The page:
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Dr. B.
Dr. B., Veterinarian
Category: Pet
Satisfied Customers: 16268
Experience:  I am a small animal veterinarian and am happy to discuss any concerns & questions you have on any species.
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I have a two year old male mixed breed (half lop half rex)

Customer Question

i have a two year old male mixed breed (half lop half rex) rabbit that has become emaciated, has large soft stool but is still eating and drinking. He is also losing significant amounts of hair.
Submitted: 1 year ago.
Category: Pet
Expert:  Dr. B. replied 1 year ago.
Hello, I am afraid that the expert you have requested is not currently available. Still I am Dr. B, a licensed veterinarian and I would like to help you with your wee one today.
How long has he had softer stools?
You noted that he is still eating, but is it as much as he used to? Less? More?
What are you feeding him?
Does he show any preference for the softer foods you offer?
Do you think he is drinking more? Passing more urine?
Does he have a wet chin?
Does he go outside in the grass?
Customer: replied 1 year ago.
His chin seems dry. he is indoor ony. he is drinking more and passing more urine, two days ago he stopped eating and drinking so I syringe fed him water and softened pellet food, offered him some celery leaves. He since has begun eating all the pellets offered, and drinking large quantities of water. his stool has been enlarged and softened for about a month now, he is passing larger quantities of both stool and urine. he is being fed timothy based pellets only, recently my workload has increased and his cage has gone unchanged for a couple of days at a time, could this have caused him to become ill?
Customer: replied 1 year ago.
also he is very alert and active, just extremely thin (i can feel his bones) and hair molting at a rapid pace.
Expert:  Dr. B. replied 1 year ago.
Thank you,
I have received your reply and will be back shortly with my thoughts about your wee one.
Speak to you again soon,
Dr. B.
Expert:  Dr. B. replied 1 year ago.
Thank you again,
First, I would note that your schedule and the state of the cage will not have any bearing on what we are seeing with your lad. As well, I do want to note that the molting and lapse in his coat quality is actually a side effect of what is causing his weight loss. The skin and coat are not considered to be critical organs. Therefore if the body cannot get enough nutrition to keep their weight stable, these organs tend to end up deprived of nutrition in favor of feeding the brain, liver, heart, and kidney. So, we often see this situation of poor coats and molting in animals with weight loss.
Now considering his other signs, we do have a few concerns. The problem with these soft stools is whether we are seeing the cecotrophs (often they look like tapioca or clusters of grapes) or if we are seeing genuine loose stool. If we are seeing the former, this is a major worry because cecotrophs are the true mainstay of the rabbit diet (since the digestion of their roughage happens in the hind gut and they must eat these to take in that nutrition). So, not eating these could cause severe weight loss for a rabbit. Otherwise, if this is his normal stool but loose/soft due to his increased water intake, then we again will have losses but due to nutrition being passed in the wrong stool as opposed to a lack of intake.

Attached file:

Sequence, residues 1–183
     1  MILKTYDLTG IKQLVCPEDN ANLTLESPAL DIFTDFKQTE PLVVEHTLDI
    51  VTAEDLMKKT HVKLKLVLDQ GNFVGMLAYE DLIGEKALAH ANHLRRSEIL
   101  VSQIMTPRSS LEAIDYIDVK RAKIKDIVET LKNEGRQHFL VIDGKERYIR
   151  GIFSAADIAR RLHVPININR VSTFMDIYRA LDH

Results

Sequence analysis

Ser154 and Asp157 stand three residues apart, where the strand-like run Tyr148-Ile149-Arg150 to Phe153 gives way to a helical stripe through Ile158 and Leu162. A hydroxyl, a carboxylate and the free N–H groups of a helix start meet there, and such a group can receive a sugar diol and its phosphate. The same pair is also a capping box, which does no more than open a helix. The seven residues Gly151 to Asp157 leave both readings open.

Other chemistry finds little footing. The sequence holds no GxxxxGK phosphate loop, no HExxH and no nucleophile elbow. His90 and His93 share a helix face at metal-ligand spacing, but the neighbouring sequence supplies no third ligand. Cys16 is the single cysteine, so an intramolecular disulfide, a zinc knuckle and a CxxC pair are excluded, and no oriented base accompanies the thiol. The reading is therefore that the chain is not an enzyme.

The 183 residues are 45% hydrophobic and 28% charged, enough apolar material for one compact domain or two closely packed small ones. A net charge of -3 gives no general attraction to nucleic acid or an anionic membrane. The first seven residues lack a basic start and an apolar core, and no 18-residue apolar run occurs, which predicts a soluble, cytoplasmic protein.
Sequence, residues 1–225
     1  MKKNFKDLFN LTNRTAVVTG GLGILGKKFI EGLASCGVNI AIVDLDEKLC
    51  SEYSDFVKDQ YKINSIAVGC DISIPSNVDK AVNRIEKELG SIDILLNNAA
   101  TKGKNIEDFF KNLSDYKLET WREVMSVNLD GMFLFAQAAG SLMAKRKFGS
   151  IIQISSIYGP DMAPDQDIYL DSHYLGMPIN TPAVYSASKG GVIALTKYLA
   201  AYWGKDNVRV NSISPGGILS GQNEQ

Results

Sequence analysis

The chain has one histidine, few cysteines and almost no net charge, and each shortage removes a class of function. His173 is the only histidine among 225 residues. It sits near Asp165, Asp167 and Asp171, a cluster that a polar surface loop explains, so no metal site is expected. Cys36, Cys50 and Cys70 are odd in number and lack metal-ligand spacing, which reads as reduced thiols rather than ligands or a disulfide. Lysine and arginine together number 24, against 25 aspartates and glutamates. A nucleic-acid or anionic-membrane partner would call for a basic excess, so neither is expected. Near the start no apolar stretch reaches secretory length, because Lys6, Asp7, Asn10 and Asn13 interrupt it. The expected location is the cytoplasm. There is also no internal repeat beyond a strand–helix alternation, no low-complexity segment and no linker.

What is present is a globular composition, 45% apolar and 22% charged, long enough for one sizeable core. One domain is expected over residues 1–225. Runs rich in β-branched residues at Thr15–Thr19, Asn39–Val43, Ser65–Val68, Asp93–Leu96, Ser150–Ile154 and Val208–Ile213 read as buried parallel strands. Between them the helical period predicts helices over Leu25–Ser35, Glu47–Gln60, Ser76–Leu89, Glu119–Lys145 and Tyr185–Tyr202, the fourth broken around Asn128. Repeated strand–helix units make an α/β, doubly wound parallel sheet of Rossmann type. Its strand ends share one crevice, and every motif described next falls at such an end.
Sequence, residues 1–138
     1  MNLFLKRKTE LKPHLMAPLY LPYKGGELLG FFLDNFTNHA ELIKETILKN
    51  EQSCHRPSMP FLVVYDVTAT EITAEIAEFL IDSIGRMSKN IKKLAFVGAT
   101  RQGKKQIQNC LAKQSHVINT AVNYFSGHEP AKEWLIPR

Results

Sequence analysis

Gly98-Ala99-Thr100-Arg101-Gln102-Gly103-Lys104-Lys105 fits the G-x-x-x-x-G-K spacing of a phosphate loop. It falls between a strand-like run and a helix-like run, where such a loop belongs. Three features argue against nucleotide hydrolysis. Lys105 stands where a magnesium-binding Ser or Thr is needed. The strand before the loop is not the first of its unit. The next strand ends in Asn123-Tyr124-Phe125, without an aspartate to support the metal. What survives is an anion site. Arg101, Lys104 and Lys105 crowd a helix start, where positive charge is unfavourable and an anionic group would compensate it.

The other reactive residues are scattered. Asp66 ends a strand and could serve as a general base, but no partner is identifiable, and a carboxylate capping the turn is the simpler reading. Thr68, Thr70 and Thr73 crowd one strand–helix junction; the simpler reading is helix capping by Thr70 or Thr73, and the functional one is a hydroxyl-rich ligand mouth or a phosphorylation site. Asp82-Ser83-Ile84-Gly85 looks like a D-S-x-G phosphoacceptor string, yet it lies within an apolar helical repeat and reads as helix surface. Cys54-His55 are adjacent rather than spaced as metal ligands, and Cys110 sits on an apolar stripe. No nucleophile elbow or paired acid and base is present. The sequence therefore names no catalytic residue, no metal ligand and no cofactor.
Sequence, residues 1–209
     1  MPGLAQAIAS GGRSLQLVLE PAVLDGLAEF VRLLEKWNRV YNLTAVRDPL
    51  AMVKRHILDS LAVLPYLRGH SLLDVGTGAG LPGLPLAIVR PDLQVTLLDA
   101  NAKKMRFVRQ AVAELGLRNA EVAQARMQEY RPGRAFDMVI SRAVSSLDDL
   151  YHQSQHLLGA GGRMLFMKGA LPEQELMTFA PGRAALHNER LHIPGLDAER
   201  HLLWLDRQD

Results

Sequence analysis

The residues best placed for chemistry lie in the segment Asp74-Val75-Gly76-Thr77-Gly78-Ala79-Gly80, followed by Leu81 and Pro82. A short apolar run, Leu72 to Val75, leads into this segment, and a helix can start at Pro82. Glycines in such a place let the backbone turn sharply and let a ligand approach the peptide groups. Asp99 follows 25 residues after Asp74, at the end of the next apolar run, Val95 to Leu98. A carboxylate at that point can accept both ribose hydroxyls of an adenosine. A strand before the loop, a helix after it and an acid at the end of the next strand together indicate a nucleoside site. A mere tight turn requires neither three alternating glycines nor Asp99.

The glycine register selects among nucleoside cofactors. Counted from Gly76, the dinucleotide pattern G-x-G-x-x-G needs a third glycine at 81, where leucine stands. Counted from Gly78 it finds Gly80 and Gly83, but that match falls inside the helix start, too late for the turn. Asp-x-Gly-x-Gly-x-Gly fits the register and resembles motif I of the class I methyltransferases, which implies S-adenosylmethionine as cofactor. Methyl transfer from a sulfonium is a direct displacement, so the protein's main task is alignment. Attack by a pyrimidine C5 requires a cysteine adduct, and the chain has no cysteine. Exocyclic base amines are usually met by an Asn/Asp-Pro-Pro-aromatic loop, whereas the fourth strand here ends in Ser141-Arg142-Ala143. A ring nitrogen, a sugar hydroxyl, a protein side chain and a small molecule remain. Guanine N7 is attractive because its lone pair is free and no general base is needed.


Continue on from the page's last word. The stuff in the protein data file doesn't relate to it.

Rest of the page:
Further to this and our main concern here is the increased thirst and urination. When we see this it can be due to a range of issues. This includes metabolic diseases like diabetes but also organ issues like liver, heart, or kidney disease. Therefore, these would all be major worries if he is showing increased thirst, urination, and weight loss.
With all this in mind, the best course of action here would be to have his vet check a urine and/or blood sample. Each of these can potentially be tested to diagnose diabetes or kidney disease. Furthermore, bloods will allow us to check liver function and rule out any other abnormalities. And of course, if the vet is taking these samples, they can also check his heart to make sure this is not causing any issue.
So, these would be our concerns. We wouldn't be assuming infections or anything you have done. Instead, the above are more likely based on what you are seeing. So, if he has already had one day of poor appetite and is this thin, I do think it is worth being proactive here and getting him checked as urgently as possible. That way you can determine which issue is present, and address it for him to try to stabilize him and put some weight back on him.
If you don’t already have a rabbit vet, and wish to find one near you, by checking here (http://rabbit.org/vet-listings/)
Please take care,
Dr. B.
Expert:  Dr. B. replied 1 year ago.
Hi,
I'm just following up on our conversation about your pet. How is everything going?
Dr. B.
Customer: replied 1 year ago.
The rabbit is eating and drinking just fine and very alert and active. Still thin, so I am planning on taking him to the vet next week, being that he does not seem to require emergency attention at this time.
Expert:  Dr. B. replied 1 year ago.
Thank you for the update,
I agree that as long as his food/water intake are unchanged it is not an emergency. Still if you are having him seen next week, do keep an eye on those stools and potentially consider worming him (if you have a weight for him, his vet should be able to dispense Panacur OTC for him) to start ruling out issues for your lad.
All the best & have a great day,
Dr. B.
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